While Autodesk technology is applied across both cells, it is the former with which Autodesk senior researcher & innovation engineer Franck Messmer has been involved, with the France-based expert having played a leading role in SYMPLEXITY for Autodesk, in fact. As he underlines, the three central elements are polishing, human-robot collaboration and, of fundamental importance, safety. The latter is the more important because this project makes use of both traditional robots not only cobots that already have safety systems relating to human/robot interference. And it is the abrasive finishing and fluid jet polishing set-up that employs a traditional robot, an ABB IRB4600-60-2.05 (60 kg; 2.05 m).

The polishing tools, wheels and pastes are traditional, but developed elements have taken in: gesture-type human-system communication for things such as opening/closing doors and cycle start; a camera-based system able to track the location of people within the working environment (Sapienza University of Rome); toolpath generation capability for the polishing tools/metrology system (Autodesk); laser interferometer-based surface metrology system measuring to nanometres (Sweden’s QISAB); execution software that takes in machine learning capability (University of Modena and Reggio Emilia); and, finally, courtesy of Autodesk, IoT capability that sees the cell able communicate with people via email when certain events occur, such as cycle end.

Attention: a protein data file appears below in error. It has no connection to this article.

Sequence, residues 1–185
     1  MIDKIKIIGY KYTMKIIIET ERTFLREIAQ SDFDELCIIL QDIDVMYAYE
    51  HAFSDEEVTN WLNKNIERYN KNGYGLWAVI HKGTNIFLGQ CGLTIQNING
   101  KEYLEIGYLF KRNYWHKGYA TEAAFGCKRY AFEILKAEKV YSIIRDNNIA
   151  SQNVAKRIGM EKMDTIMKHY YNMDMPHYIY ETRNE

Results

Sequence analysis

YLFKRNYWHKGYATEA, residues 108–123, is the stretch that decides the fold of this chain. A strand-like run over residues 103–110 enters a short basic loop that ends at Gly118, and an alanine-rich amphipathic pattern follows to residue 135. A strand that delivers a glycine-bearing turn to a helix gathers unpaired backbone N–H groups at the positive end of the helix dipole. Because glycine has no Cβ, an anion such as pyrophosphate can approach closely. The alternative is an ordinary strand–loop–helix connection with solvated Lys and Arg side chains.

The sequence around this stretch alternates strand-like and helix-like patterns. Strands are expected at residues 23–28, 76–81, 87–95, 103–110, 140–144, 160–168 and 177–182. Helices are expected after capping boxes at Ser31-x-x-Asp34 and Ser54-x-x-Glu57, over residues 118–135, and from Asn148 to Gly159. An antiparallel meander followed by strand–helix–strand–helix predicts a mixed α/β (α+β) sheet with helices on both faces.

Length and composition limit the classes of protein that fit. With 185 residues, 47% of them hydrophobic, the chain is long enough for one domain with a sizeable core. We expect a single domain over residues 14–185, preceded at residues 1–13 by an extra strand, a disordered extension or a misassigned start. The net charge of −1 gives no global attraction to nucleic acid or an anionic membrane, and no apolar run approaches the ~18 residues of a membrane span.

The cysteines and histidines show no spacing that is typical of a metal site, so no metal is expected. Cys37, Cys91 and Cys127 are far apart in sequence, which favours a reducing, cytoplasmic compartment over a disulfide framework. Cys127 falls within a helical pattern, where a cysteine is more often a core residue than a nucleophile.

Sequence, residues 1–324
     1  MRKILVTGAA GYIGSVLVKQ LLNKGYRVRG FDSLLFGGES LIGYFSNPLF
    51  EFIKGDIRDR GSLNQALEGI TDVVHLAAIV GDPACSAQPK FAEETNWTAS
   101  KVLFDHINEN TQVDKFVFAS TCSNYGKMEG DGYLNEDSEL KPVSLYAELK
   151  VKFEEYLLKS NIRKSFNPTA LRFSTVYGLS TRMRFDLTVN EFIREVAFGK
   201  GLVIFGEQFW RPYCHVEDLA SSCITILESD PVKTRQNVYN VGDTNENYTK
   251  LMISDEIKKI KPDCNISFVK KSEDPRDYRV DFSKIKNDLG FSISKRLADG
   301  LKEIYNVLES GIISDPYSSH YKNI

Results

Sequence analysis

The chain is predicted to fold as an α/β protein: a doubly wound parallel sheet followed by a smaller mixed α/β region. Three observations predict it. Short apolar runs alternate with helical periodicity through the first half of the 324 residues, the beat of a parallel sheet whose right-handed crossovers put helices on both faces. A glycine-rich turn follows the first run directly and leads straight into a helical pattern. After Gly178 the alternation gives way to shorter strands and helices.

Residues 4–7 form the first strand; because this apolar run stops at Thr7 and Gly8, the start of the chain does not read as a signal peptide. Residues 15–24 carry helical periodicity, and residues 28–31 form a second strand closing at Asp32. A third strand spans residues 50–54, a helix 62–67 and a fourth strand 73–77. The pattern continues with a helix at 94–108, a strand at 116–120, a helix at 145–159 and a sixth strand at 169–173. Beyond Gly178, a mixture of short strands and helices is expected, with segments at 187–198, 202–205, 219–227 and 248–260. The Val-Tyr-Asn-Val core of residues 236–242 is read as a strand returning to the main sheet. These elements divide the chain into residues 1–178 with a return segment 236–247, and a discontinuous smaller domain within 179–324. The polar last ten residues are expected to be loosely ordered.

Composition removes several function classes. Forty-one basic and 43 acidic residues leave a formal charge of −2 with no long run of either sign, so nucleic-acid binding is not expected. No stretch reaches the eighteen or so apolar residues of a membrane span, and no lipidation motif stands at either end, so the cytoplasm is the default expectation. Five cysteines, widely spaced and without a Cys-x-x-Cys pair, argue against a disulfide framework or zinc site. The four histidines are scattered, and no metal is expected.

Autodesk has developed NC toolpath generation software for the robot-held polishing tool and the metrology system, including their user interfaces, both driven by modified PowerMill software. Autodesk’s Messmer explains the challenge and differences between this application’s need and traditional metalcutting: “There are some guidelines for polishing; you have to generate toolpaths with a constant step-over. This is different to milling, because if you cut twice you won’t cut more material, but if you go over the same area when polishing, you will obviously polish twice. That is true for abrasive, fluid jet or laser processes. So, you need to create paths that do not intersect. Also, we are using chamfer-style tools, so controlling the contact area on a non-flat surface is challenging, because the contact area is changing, with a large contact area for concave surfaces and smaller one when travelling over convex surfaces. The tool can vary, too, it could be soft, a little bit like cork, or it might be stones, so what we have do that you don’t do in milling is control pressure. So, depending on the material, which tool you are using and which lubricant or paste is employed, you apply more or less pressure, depending on contact area and desired result.”